The Problem with BRAC
by Laurence M. Vance
by Laurence M. Vance
The Base Realignment and Closure (BRAC) Commission has just given President Bush its military base realignment and closure recommendations. On the surface, closing obsolete military bases in the United States sounds like a good thing. The Bush administration has even estimated that 20 to 25 percent of military bases are surplus, and that their closure could result in savings of over $3 billion a year. So, given that saving the taxpayers money is the goal, what possible problem could there be with the BRAC Commission?
There is one major problem with the BRAC Commission — a fatal flaw that calls the whole process into question. It is not that the military is being downsized. It is not that the United States might be rendered more vulnerable to a terrorist attack. It is not that no cost savings will ultimately be realized since the Defense Department budget will still increase no matter how many bases are closed. It is not that communities will suffer economically when a local base is shut down. It is not that local dignitaries have to shamelessly grovel before the BRAC Commission to keep their bases off the closure list. It is not that members of Congress have to suddenly come up with reasons why the base in their district is so strategically important.
The problem, in a word, is empire: the U.S. empire of troops and bases that encircles the globe. The only concern of the BRAC Commission is bases in the United States and its territories. The fact that the United States now has troops in 150 countries or territories is of no concern to the Pentagon, the president, the Congress, or the BRAC Commission.
Base closings in the United States began in the early 1960s. Back then the Department of Defense (DOD) was able to close obsolete bases without the involvement of Congress or any other government agency. Congress attempted to involve itself in the process in 1965, but President Johnson vetoed a bill that would have required the Pentagon to report any base closure programs to Congress.
In 1977, Congress passed, and President Carter signed, a law (PL 95-82) that required the Defense Department to notify Congress of any proposed base closings or reductions. The 1983 Grace Commission recommended the creation of an independent commission to study the need for base realignments and closures. These two events laid the groundwork for the modern BRAC Commission.
In 1988, the Commission on Base Realignment and Closure was created to recommend to Congress and the DOD military bases for realignment or closure. This first round of BRAC (as it is called) resulted in the closure, partial closure, or realignment of 145 military installations.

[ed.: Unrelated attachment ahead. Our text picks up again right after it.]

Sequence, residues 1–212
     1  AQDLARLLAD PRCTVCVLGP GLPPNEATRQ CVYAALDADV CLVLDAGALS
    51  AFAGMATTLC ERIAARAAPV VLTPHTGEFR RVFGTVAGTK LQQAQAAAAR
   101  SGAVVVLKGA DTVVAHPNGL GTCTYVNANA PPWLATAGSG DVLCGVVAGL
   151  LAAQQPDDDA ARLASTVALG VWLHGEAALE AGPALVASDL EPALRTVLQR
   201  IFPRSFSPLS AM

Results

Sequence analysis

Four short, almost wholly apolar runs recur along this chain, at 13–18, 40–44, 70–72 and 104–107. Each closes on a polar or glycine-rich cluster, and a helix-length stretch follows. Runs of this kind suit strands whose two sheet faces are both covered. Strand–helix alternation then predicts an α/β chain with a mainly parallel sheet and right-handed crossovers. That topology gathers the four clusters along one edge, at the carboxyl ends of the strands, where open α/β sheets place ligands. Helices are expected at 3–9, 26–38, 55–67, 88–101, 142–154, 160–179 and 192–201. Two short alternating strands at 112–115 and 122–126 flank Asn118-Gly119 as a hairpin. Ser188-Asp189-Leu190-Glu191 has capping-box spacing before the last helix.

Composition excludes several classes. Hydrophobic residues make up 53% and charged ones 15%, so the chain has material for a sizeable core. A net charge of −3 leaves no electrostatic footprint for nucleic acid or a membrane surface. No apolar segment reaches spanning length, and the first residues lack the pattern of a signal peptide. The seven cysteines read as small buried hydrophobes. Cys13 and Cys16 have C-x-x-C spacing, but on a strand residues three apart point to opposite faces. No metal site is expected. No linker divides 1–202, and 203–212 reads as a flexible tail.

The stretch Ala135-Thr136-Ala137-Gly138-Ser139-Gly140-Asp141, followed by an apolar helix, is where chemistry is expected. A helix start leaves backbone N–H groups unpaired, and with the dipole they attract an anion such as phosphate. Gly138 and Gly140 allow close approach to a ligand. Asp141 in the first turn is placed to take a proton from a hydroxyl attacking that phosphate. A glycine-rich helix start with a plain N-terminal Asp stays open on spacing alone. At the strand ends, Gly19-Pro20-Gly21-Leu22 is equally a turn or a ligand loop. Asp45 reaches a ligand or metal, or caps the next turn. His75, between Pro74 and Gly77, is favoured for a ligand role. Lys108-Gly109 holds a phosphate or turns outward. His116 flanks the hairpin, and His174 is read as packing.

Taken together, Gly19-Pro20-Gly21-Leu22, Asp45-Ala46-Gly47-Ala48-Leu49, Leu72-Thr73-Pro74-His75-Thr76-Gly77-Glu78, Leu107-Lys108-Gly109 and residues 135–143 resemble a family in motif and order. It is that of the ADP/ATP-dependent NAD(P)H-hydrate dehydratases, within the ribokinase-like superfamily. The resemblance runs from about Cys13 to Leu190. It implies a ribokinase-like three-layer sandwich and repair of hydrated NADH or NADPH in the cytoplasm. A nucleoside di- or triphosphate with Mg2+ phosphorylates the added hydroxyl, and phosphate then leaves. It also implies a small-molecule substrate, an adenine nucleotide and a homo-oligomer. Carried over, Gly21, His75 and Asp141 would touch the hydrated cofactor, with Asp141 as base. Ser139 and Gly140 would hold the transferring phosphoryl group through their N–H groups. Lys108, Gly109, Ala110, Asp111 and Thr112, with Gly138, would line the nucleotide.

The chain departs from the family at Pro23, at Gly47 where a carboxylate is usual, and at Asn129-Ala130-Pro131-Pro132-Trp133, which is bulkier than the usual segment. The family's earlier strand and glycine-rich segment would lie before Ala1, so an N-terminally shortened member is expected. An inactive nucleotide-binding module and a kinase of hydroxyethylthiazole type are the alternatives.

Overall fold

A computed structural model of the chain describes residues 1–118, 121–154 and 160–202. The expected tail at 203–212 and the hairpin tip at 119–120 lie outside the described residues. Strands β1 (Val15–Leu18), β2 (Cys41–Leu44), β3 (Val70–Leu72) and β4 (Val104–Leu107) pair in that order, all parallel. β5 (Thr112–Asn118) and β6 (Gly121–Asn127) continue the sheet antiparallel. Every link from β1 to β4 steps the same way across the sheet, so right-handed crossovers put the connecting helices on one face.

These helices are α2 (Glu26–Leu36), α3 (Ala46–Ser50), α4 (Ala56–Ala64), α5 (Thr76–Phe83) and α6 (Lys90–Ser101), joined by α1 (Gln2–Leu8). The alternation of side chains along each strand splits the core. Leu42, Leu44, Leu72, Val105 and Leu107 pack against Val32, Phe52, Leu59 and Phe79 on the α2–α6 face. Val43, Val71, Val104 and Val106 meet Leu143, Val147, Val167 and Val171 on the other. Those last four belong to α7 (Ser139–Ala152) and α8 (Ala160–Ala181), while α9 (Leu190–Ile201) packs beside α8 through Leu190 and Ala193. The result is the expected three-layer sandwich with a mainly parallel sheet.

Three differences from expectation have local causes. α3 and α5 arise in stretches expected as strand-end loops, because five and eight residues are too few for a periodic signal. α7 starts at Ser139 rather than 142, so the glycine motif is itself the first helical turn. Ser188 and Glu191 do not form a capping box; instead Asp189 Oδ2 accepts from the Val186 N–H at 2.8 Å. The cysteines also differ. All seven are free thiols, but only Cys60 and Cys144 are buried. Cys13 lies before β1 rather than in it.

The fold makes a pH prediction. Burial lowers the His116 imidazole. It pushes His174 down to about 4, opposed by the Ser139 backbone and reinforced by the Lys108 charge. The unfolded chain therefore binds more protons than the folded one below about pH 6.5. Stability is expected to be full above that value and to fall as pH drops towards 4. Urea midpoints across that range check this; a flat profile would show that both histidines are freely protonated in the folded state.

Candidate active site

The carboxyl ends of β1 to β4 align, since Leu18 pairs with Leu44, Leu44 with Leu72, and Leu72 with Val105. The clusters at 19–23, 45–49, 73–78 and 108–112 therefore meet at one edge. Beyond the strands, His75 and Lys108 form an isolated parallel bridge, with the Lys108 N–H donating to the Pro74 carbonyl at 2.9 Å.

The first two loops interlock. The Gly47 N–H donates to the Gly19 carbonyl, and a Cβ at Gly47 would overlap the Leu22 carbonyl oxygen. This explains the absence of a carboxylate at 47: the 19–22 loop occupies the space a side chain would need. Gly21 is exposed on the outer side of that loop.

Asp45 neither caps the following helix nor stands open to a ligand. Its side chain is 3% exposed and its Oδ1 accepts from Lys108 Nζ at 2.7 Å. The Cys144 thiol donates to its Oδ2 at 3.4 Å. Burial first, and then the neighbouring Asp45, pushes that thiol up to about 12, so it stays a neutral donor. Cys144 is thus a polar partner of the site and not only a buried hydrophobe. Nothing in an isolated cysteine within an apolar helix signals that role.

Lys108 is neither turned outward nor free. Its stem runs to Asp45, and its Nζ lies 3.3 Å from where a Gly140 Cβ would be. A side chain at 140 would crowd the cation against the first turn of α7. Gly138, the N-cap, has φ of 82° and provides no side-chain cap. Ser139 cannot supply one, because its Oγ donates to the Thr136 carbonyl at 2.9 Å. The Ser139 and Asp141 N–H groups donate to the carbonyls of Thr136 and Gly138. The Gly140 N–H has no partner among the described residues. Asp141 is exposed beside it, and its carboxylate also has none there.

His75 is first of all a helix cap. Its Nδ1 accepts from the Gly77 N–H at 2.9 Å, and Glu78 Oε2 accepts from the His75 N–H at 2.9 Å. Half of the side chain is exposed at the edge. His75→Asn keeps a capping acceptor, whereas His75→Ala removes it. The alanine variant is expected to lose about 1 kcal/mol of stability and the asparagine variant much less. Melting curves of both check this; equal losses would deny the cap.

The next three BRAC rounds, which took place in 1991, 1993, and 1995, were carried out differently, as well as the round currently in progress. Under the new guideless adopted in 1990, it is the job of the Defense Department to draw up an initial list of bases to be closed or realigned and submit it to the BRAC Commission. Although the original BRAC Commission had twelve members, the Commission currently consists of nine members, all appointed by the president and congressional leaders and confirmed by the Senate. Working from that list, but also with the authority to add additional bases not recommended by the DOD, the Commission then recommends to the president which bases should be closed or realigned. The president reviews the BRAC recommendations, but can only accept or reject the recommendations in their entirety. If its recommendations are rejected, the BRAC Commission can resubmit a revised list. Congress, however, can still block the implementation of the package of BRAC recommendations, even if approved by the president.
There is no question that most of the bases recommended for closure by the BRAC Commission should be closed. If the Pentagon, the BRAC Commission, and the commander in chief all agree on the need for a particular base to be closed, and Congress acquiesces, it is hard to justify keeping it open. But before any bases in the United States are closed, a hard look needs to be made at the hundreds of U.S. military installations on foreign soil. If the purpose of the military is to defend the country, then why is the United States closing bases at home and expanding them abroad? Foreign military bases are for offense, empire, imperialism, intervention — not for defense. The conclusion is inescapable: the U.S. military does very little to actually defend the country. If it did then it would patrol our coasts and guard our borders instead of patrolling the Persian Gulf and guarding the borders of Iraq.
According to the latest DOD "Base Structure Report" for fiscal year 2005, the U.S. military has 770 military installations in thirty-nine countries. Is there some rational explanation why we should close military bases in America and maintain 106 military sites in South Korea? Is there any reason why the United States needs 302 military sites in Germany and 111 sites in Japan sixty years after World War II has ended?
There is no doubt that many bases in the United States are obsolete or unnecessary. And there is no doubt that closing or realigning these bases would result in significant cost savings. But the foreign bases should be closed first, the troops brought home to stay, and then, and only then, should the BRAC process proceed.
September 17, 2005
Laurence M. Vance [send him mail] is a freelance writer and an adjunct instructor in accounting and economics at Pensacola Junior College in Pensacola, FL. His new book is Christianity and War and Other Essays Against the Warfare State. Visit his website.
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